Toyota to road test SiC Power Semiconductors
Using a "˜Camry' hybrid prototype and a fuel cell bus, Toyota Motor Corporation will be road testing the performance of SiC power semiconductors. The company hopes this will lead to significant efficiency improvements in hybrids and other vehicles with electric powertrains.
At present, power semiconductors account for approximately 20 percent of a vehicle's total electrical losses, meaning that raising the efficiency of the power semiconductors is a promising way to increase powertrain efficiency.
By comparison with existing silicon power semiconductors, the newly developed high quality SiC power semiconductors create less resistance when electricity flows through them. The technologies behind these SiC power semiconductors were developed jointly by Toyota, Denso Corporation, and Toyota Central R&D Labs.
In the Camry hybrid prototype, Toyota is installing SiC transistors and diodes in the power control unit's (PCU) internal voltage step-up converter and the inverter that controls the motor. Data gathered will include PCU voltage and current as well as driving speeds, driving patterns, and conditions such as outside temperature.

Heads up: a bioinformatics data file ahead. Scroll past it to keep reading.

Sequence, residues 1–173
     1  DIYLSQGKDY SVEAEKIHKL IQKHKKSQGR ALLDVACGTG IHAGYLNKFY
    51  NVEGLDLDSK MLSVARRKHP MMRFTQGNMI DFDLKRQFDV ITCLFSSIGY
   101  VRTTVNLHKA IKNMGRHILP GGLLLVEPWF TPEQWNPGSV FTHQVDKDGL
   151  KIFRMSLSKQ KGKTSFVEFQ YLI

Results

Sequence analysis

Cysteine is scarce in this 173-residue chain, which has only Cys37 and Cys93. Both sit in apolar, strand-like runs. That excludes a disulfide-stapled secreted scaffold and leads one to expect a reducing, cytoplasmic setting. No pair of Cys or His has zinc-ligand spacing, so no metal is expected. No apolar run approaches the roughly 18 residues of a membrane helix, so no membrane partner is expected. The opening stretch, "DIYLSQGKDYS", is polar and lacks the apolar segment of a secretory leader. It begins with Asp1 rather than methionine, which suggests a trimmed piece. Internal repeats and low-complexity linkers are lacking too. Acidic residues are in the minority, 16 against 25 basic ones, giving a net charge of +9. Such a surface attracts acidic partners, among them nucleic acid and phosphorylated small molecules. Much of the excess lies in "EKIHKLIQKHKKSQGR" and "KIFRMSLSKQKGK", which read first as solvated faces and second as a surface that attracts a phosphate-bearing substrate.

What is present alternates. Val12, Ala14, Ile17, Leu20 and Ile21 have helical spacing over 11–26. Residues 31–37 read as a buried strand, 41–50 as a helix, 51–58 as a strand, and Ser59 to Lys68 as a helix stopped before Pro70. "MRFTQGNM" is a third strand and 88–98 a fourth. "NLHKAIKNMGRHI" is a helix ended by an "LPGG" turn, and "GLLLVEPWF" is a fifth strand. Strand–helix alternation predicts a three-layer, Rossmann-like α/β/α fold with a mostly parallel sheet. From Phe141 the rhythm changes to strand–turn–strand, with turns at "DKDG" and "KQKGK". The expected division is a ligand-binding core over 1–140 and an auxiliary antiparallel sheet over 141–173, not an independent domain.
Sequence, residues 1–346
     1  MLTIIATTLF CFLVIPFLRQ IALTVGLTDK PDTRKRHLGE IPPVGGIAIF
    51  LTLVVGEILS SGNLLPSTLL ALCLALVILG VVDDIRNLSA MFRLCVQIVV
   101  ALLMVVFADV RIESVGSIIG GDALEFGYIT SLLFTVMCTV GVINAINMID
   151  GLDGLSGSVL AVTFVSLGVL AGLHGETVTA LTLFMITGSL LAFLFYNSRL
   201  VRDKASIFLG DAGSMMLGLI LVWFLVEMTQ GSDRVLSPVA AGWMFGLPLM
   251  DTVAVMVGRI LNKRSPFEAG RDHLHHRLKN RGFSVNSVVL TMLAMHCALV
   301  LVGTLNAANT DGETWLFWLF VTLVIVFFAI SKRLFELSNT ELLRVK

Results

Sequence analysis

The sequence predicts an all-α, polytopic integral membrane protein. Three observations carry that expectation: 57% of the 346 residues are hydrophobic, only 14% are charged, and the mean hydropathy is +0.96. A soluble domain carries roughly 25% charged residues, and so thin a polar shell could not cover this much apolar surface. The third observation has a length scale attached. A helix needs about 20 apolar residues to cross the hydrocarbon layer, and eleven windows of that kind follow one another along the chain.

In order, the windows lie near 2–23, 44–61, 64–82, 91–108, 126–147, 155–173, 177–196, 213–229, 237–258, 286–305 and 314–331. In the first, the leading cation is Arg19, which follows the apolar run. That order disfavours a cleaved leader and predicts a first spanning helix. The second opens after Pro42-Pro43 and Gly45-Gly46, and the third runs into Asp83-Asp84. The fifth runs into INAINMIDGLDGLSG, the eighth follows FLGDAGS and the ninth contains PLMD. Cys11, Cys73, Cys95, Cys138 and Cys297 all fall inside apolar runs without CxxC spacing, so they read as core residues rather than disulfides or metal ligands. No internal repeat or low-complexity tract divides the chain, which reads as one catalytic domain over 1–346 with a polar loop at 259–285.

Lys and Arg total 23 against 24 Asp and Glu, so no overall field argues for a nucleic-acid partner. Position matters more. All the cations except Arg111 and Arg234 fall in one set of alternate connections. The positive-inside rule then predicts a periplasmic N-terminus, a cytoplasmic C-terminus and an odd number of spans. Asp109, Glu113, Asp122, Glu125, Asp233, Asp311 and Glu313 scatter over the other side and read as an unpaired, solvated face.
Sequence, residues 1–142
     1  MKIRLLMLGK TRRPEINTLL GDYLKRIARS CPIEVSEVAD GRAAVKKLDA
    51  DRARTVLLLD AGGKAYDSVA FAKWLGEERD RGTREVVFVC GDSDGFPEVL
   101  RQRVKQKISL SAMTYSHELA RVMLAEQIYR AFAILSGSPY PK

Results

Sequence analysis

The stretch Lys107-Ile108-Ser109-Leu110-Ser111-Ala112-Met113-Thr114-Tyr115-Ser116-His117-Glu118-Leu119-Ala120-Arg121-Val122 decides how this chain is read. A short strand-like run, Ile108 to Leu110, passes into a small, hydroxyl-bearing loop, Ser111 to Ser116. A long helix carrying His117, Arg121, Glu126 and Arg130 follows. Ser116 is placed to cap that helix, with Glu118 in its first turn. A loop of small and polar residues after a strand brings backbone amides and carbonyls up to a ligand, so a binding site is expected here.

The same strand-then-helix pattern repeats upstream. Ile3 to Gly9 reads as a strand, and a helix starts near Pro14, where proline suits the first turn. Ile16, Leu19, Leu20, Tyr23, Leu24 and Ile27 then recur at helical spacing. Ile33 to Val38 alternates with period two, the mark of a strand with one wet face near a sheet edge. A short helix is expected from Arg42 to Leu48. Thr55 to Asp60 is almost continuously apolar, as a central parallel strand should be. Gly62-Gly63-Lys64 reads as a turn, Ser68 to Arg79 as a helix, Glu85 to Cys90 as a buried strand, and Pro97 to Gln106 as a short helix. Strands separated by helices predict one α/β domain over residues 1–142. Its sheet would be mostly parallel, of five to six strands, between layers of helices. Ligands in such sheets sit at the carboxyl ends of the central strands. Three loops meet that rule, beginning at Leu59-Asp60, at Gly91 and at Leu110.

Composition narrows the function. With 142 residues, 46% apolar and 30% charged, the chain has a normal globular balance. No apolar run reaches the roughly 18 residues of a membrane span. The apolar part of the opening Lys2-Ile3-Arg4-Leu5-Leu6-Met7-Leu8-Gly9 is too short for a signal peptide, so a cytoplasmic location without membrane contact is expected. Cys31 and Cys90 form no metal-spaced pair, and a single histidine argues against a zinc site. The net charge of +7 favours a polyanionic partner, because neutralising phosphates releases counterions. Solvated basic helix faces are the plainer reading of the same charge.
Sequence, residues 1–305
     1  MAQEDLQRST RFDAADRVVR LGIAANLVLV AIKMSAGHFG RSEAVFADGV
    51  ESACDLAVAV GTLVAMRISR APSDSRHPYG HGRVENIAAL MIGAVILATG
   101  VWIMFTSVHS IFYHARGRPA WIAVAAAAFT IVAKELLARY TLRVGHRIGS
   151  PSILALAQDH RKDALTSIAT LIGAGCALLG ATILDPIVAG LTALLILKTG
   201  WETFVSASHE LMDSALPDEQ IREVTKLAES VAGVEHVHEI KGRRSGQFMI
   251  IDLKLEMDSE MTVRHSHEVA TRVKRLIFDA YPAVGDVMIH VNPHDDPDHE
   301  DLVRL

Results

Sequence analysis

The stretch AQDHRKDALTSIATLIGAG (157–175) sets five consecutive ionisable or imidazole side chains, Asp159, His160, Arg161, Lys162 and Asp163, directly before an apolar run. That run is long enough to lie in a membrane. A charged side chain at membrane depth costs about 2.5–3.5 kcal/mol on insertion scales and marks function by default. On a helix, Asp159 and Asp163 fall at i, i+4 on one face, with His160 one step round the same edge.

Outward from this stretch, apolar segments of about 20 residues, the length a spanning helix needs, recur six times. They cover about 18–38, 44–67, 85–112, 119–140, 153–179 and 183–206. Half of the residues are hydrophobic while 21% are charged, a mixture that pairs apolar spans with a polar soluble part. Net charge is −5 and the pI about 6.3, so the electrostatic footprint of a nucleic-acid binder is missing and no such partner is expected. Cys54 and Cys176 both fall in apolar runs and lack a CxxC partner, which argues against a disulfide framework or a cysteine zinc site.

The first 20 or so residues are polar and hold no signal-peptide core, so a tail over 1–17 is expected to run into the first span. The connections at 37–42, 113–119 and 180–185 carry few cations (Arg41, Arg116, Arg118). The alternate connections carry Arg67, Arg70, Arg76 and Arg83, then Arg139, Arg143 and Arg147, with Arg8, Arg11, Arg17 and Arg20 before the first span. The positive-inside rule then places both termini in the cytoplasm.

By comparing this information with data from silicon semiconductors currently in use, Toyota will assess the improvement to efficiency achieved by the new SiC power semiconductors. Road testing of the Camry prototype will begin (primarily in Toyota City) in early February 2015, and will continue for about one year.
Similarly, on January 9, 2015, Toyota began collecting operating data from a fuel cell bus currently in regular commercial operation in Toyota City. The bus features SiC diodes in the fuel cell voltage step-up converter, which is used to control the voltage of electricity from the fuel cell stack.
Data from testing will be reflected in development, with the goal of putting the new SiC power semiconductors into practical use as soon as possible.